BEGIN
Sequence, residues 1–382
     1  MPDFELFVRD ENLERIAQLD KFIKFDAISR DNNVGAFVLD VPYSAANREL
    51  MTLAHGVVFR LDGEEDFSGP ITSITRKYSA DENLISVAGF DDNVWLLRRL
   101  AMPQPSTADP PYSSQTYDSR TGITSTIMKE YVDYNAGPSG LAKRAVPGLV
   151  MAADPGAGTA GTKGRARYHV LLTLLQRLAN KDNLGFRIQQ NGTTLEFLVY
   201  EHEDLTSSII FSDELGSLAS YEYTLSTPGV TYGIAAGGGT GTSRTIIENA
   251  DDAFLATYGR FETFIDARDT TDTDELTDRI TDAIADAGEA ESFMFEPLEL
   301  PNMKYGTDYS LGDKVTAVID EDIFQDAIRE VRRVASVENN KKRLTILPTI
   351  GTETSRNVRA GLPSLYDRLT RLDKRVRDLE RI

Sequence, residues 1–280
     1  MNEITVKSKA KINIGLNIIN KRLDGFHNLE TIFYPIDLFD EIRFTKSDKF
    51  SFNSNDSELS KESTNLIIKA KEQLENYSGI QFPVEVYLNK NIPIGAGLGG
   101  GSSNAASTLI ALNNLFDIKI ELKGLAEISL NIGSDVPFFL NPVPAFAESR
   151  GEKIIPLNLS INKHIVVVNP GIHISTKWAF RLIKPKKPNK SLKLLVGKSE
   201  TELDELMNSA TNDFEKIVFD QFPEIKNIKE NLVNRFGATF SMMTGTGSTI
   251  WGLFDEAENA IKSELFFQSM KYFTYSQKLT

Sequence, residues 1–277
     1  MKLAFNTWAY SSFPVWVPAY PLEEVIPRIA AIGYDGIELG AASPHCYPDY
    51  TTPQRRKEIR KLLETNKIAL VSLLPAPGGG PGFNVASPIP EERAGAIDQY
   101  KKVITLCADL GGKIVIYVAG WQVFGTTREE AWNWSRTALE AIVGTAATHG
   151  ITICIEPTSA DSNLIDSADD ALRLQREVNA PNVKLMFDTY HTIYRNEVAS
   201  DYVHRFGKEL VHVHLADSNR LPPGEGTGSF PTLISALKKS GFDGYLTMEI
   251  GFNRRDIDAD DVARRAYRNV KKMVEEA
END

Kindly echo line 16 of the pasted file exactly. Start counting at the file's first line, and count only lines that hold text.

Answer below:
   251  WGLFDEAENA IKSELFFQSM KYFTYSQKLT